03 May 2022
03 May 2022
Status: this preprint is currently under review for the journal TC.

Sea ice classification of TerraSAR-X ScanSAR images for the MOSAiC expedition incorporating per-class incidence angle dependency of image texture

Wenkai Guo1, Polona Itkin1, Suman Singha2, Anthony Paul Doulgeris1, Malin Johansson1, and Gunnar Spreen3 Wenkai Guo et al.
  • 1Department of Physics and Technology, UiT The Arctic University of Norway
  • 2Maritime Safety and Security Laboratory, Remote Sensing Technology Institute (IMF), German Aerospace Center (DLR), 28359 Bremen, Germany
  • 3Institute of Environmental Physics, University of Bremen

Abstract. In this study, we provide sea ice classification maps of a sub-weekly time series of X-band TerraSAR-X ScanSAR (TSX SC, HH polarization) images from November 2019 to March 2020 covering the Multidisciplinary drifting Observatory for the Study of Arctic Climate (MOSAiC) expedition. This classified time series benefits from the wide spatial coverage and relatively high spatial resolution of the TSX SC dataset, classifying sea ice into leads, young ice with different intensities, and thick ice with different degrees of deformation. We use a classification method considering per-class incidence angle (IA) dependencies (the Gaussian IA classifier) to correct the IA effect (decreasing backscatter with increasing IAs) specific to each class. In addition to HH intensities, we use Gray-Level Co-occurrence Matrix (GLCM) textures as input features to aid the task of one-band classification. Accordingly, we investigate and demonstrate IA dependencies of TSX SC intensities and image textures for different sea ice classes, which are found to be generally lower than those for C-band SAR data. Optimal parameters for GLCM texture calculation are derived to achieve good separation between class distributions while keeping maximum spatial detail and minimizing texture collinearity. Class probabilities yielded from the GIA classifier are further adjusted by a Markov Random Field (MRF) contextual smoothing process to generate final classification results. A significant increase in classification performance is achieved from the inclusion of textures with optimized parameters, as evaluated by classification accuracies (final overall accuracy: 86.05 %) and comparison to sea ice roughness derived from sea ice thickness measurements (correspondence consistently close to or higher than 80 %). Areal fractions of classes representing ice openings (leads and young ice) correspond well with ice opening time series derived from in situ, satellite SAR and optical data in this and previous studies. This study provides a SAR perspective on the changing sea ice conditions surrounding the MOSAiC ice camp through the expedition, and a useful basic dataset for future MOSAiC studies on physical sea ice processes and ocean and climate modeling.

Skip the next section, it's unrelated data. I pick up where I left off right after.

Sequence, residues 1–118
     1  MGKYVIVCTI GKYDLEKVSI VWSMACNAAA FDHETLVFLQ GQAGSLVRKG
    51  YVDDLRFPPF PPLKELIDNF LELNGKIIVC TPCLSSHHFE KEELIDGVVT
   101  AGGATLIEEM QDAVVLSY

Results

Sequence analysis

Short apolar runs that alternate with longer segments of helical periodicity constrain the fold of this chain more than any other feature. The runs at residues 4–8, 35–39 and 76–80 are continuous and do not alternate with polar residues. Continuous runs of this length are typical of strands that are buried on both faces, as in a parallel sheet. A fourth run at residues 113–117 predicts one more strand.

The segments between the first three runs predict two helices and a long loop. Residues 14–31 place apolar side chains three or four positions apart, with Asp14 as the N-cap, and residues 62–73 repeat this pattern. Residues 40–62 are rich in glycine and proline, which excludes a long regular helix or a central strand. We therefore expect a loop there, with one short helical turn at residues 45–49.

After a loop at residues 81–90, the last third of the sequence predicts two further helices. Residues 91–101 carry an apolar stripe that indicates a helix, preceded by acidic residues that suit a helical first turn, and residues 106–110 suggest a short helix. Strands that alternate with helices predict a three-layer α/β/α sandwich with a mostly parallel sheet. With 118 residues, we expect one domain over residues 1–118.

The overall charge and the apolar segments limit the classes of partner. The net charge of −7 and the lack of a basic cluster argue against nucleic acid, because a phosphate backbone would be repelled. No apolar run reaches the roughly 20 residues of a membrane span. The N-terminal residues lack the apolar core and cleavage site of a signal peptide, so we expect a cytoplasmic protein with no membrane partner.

Wenkai Guo et al.

Status: final response (author comments only)

Comment types: AC – author | RC – referee | CC – community | EC – editor | CEC – chief editor | : Report abuse
  • RC1: 'Comment on tc-2022-86', Anton Korosov, 30 Jun 2022
    • AC1: 'Reply on RC1', wenkai guo, 29 Aug 2022
  • RC2: 'Comment on tc-2022-86', Andreas Stokholm, 21 Jul 2022
    • AC2: 'Reply on RC2', wenkai guo, 29 Aug 2022

Wenkai Guo et al.

Wenkai Guo et al.


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Short summary
Sea ice maps are produced to cover the Arctic expedition MOSAiC (2019–2020), and divides sea ice into scientifically meaningful classes. We use a high-resolution X-band synthetic aperture radar dataset, and show how image brightness and texture systematically vary across the images. We use an algorithm that reliably corrects this effect, and achieve good results as evaluated by comparisons to ground observations and other studies. The sea ice maps are useful as a basis for future MOSAiC studies.